Following the Money: A whole lot of glue sticks
First up: No word yet on whether Hillsborough's teachers will get more money this year. They asked for $750 for each pay step on the new, post-Gates plan. As their raises come every three years, we calculate the impact at roughly $3.75 million (assuming the teacher scores at least an "effective" rating, which almost always happens).
That's half the $1,500 the union asked for when barganing began in May.
But remember: The pay plan that coincided with the Gates reforms increased teacher pay by $65 million, not including the $12 million in performance bonuses that brought the total impact up to $77 million. Union leaders say the new plan corrected problems and inequities that were especially harmful to long-time teachers. They also argue that, as long as teacher pay in Hillsborough starts at $38,000, the district cannot compete for talent with neighboring districts.
The union asked for a number of other things too, including a 1.2 percent adjustment for teachers at the top of the scale, a 1 percent cost-of-living raise for the small number who have not opted into the new plan, and multiple adjustments that would raise the earning power of teachers' aides and clerical workers.
But back to those glue sticks:
Chief business officer Gretchen Saunders released revenue and spending information from the last three years that sheds some light on the question of how the district stabilized its reserve account to $146 million, virtually unchanged from last year, when there was so much concern that it was fading away.
Salaries increased slightly, from $1.059 billion to $1.062 billion. (That's up from $980,000 million in 2013-14, before the new pay plan took effect).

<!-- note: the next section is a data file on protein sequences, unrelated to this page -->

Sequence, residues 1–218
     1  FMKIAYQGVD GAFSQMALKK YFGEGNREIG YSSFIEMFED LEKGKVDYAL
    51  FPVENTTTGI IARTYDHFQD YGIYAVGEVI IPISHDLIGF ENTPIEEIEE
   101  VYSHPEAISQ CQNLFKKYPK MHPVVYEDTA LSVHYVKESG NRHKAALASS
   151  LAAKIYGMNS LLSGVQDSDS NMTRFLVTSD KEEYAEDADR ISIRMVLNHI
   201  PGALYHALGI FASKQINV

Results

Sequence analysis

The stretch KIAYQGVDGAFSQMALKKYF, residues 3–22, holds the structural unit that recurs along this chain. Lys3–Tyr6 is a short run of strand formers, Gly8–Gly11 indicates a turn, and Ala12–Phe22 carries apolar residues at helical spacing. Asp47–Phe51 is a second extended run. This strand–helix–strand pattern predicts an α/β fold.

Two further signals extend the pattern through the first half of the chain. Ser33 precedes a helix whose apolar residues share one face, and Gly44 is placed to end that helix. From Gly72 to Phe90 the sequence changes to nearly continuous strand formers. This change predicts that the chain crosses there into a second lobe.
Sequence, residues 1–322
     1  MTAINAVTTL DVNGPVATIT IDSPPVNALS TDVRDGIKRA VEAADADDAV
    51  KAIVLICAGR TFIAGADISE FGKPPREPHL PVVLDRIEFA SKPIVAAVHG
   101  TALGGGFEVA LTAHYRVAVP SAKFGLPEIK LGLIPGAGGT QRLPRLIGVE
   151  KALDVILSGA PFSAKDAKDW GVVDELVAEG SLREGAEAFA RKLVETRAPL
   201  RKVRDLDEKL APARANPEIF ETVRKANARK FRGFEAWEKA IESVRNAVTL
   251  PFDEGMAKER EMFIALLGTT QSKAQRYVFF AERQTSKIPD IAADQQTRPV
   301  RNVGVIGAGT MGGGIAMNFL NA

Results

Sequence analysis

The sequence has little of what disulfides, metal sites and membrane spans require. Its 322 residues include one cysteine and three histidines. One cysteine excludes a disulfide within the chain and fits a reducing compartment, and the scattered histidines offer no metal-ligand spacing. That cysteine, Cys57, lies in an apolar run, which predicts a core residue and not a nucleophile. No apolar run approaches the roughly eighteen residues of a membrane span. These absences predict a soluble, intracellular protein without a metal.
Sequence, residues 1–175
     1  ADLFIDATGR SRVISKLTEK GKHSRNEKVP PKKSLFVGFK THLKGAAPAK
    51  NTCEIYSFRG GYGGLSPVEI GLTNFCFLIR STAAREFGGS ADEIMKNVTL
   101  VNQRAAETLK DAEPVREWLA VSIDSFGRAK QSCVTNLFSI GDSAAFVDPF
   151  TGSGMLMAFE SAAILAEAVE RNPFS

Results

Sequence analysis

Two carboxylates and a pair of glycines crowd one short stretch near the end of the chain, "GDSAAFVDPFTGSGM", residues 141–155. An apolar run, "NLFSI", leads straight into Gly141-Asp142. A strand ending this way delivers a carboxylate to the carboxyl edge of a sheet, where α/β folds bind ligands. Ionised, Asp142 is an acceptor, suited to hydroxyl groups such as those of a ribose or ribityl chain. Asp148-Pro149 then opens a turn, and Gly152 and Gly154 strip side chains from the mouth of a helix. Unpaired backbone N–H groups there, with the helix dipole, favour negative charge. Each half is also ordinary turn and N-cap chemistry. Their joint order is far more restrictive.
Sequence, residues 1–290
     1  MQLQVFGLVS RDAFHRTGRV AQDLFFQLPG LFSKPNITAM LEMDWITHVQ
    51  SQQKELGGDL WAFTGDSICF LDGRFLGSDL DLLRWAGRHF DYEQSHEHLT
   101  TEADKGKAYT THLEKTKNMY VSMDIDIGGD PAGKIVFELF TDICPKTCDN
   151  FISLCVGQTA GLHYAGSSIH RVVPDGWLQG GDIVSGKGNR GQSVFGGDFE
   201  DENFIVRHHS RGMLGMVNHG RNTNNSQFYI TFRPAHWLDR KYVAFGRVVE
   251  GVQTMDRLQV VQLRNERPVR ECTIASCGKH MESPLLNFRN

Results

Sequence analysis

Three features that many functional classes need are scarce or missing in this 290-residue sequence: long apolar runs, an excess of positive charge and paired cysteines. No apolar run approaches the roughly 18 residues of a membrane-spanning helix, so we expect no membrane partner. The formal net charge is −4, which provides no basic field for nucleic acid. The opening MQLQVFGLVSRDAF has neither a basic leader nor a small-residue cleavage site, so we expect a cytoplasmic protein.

Benefits went up. Purchased services - an amount that includes the flow-through money that goes to charter schools - went up.
Energy spending dropped by $6 million, for which Saunders credited the facilities department under the leadership of Chris Farkas.
The big drop was in spending on materials and supplies. That amount went from $58 million in 2014-15 to $38 million in 2015-16.
There was no detail provided as to what those materials and supplies were. According to the state Red Book, which governs school finances, it can mean anything from motor oil for the buses to textbooks for the children.
But we do know that early in the year, the district announced a 10 percent cut in spending in that category. Schools were frugal all year and, in the final weeks of school, their accounts were "swept" earlier than usual.
The Tampa Bay Times hopes to learn more about the past year's spending decisions and has requested a meeting with Chief of Staff Alberto Vazquez for that reason. We're also on the lookout for Phase II of the Gibson efficiency study, which is due in September.
A peek at next year's budget, which was posted Tuesday in advance of the second public hearing on Sept. 6, projects $1.045 billion spent on salaries - suggesting a slightly smaller workforce despite the growth in student population - and $59 million on materials and supplies. All of these numbers refer to the "general fund," which accounts for most of the money, and which the investment community watches when assigning credit ratings.